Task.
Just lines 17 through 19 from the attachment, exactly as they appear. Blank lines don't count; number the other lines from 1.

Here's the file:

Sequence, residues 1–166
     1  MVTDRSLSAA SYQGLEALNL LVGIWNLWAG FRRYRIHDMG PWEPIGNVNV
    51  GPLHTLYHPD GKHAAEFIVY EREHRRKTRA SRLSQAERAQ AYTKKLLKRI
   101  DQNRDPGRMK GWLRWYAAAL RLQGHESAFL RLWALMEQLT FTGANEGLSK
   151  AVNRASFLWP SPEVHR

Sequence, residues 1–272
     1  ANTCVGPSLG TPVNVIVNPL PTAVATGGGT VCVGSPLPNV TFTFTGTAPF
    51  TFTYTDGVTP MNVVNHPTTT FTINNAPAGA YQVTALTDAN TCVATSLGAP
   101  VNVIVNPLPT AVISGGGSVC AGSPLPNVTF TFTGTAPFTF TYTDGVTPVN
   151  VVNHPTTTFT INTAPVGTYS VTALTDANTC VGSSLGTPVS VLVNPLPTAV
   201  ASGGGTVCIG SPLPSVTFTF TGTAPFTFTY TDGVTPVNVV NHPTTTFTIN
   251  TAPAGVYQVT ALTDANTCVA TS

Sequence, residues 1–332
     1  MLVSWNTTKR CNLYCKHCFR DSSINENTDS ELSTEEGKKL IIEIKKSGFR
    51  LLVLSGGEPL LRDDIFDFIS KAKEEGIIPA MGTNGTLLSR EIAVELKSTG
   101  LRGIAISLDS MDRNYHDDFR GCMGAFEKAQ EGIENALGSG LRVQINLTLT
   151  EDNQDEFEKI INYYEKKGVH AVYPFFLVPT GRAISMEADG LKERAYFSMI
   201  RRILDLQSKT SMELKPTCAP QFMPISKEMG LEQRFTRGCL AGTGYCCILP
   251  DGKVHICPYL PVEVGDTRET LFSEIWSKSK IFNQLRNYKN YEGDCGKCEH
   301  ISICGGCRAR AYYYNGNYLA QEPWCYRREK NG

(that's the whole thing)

   151  EDNQDEFEKI INYYEKKGVH AVYPFFLVPT GRAISMEADG LKERAYFSMI
   201  RRILDLQSKT SMELKPTCAP QFMPISKEMG LEQRFTRGCL AGTGYCCILP
   251  DGKVHICPYL PVEVGDTRET LFSEIWSKSK IFNQLRNYKN YEGDCGKCEH